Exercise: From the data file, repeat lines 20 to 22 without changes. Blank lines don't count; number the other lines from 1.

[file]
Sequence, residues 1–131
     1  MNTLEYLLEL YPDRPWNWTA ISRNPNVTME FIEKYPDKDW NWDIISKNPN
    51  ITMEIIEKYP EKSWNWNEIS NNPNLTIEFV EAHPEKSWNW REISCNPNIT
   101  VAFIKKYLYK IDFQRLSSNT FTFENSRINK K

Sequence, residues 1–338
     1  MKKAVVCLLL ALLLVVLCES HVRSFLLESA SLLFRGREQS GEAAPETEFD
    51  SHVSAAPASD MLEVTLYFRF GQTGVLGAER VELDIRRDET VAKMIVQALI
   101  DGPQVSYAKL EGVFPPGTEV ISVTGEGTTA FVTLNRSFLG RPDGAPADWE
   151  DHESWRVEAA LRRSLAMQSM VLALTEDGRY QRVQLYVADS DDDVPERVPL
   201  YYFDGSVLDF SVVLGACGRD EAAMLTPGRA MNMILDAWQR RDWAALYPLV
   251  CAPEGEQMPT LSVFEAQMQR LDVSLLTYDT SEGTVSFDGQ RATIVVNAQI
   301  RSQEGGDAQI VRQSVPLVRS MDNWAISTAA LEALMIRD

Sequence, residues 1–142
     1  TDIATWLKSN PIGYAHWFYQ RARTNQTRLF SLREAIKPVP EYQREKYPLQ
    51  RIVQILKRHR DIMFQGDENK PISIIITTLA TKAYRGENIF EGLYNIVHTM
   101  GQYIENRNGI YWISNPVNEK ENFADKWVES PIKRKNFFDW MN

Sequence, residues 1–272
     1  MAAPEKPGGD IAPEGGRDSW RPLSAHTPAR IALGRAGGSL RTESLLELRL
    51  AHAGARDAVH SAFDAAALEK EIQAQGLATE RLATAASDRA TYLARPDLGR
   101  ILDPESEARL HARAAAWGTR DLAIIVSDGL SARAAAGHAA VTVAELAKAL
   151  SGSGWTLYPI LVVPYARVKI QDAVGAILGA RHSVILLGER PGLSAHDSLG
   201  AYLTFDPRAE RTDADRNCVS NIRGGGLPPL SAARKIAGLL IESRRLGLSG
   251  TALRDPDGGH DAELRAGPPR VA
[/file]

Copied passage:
   101  ILDPESEARL HARAAAWGTR DLAIIVSDGL SARAAAGHAA VTVAELAKAL
   151  SGSGWTLYPI LVVPYARVKI QDAVGAILGA RHSVILLGER PGLSAHDSLG
   201  AYLTFDPRAE RTDADRNCVS NIRGGGLPPL SAARKIAGLL IESRRLGLSG